I'm sorry, but I thought this thread was about post MR3 settings of the Ordinary in the OF, not about maintaining the glory of the Kyriale or of other pre-MR3 settings. It is what I was trying to address. I'm not sure that the Church's chant settings, while very much an ideal to strive for, are what MeloCharlie had in mind. I thought the discussion was intended to concern itself mainly with settings that would be readily singable by both congregation and choir alike.

    The thrust of my viewpoint as a composer is that melody does not have to be the first element constructed (composed) in a well crafted tightly conceived work, but that melody can and will flow naturally from and be well complemented by the entire musical fabric. Just as many, many congregations, both Catholic and Protestant, sing well crafted four part hymns, with nearly all people in the congregation singing the melody, while the organ and choir will often supply the four part harmony with no degradation of the congregational singing, the same thing can happen with well written four part settings of the Ordinary. And it does not mean that the melody voice for such hymns and settings has to come from chant.

    I agree that in four part writing, all parts should be singable. Composing good hymn and ordinary settings should not have as its model anything akin to providing organ accompaniments for chant or (various kinds of) back-up for songs. This is not band-in-a box or strum along music. My point was, and is, that it is possible to have settings that are both artful and utilitarian. And to have a beautiful, singable melody line that nearly all people will sing and that will be seamlessly coherent with and integratged into the rest of the musical fabric, it is not necessary and indeed it just might be unwise to compose that melody first.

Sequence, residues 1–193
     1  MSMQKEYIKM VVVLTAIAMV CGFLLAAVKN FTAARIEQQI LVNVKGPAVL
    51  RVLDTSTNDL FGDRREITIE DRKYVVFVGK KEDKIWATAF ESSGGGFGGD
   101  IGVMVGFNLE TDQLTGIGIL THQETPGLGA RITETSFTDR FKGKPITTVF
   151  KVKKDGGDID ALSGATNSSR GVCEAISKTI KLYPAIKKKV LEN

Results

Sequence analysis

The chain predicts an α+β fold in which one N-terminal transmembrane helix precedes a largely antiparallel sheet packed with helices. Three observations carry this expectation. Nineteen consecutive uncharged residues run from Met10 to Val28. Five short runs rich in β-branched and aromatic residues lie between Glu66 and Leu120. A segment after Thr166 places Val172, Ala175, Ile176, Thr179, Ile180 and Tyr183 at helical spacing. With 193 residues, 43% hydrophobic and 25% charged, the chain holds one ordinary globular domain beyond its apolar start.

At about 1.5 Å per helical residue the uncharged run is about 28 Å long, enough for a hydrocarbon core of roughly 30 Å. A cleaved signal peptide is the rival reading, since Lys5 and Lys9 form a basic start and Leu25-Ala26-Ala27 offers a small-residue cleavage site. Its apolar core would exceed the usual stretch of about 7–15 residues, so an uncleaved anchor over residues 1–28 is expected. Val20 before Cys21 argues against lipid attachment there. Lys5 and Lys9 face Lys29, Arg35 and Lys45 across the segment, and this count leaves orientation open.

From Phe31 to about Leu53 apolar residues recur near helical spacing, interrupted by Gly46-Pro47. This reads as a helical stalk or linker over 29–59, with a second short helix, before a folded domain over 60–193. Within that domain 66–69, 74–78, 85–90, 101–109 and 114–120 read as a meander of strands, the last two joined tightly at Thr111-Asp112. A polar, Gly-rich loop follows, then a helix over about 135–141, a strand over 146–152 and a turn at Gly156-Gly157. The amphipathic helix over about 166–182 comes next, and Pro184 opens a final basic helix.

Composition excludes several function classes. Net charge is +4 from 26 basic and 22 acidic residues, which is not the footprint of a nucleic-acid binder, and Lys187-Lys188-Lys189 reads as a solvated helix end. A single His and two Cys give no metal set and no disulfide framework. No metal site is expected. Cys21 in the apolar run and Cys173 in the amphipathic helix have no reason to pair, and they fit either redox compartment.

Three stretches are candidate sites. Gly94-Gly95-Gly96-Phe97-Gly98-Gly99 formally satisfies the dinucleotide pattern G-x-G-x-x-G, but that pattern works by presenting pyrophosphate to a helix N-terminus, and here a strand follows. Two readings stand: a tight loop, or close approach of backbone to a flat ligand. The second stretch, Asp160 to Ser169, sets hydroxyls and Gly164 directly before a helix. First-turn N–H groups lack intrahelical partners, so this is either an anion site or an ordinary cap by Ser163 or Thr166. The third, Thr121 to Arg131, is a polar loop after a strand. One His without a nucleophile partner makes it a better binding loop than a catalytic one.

• SkirpRSkirpR
    Posts: 854
    I think we may be talking past each other. (Either that or we totally disagree, which is fine too, as I certainly don't disrespect your opinion.)

    First, I'm not trying to give formal compositional advice. I can see how my comments could have been misconstrued that way, and I apologize that I am prone to forget that for many of the people who frequent this forum, this may be the only musical education they may get. If I were to give compositional advice in a more formal setting (althought there are surely other more qualified candidates for that), I agree with you, and I would likely not say "start by writing the melody."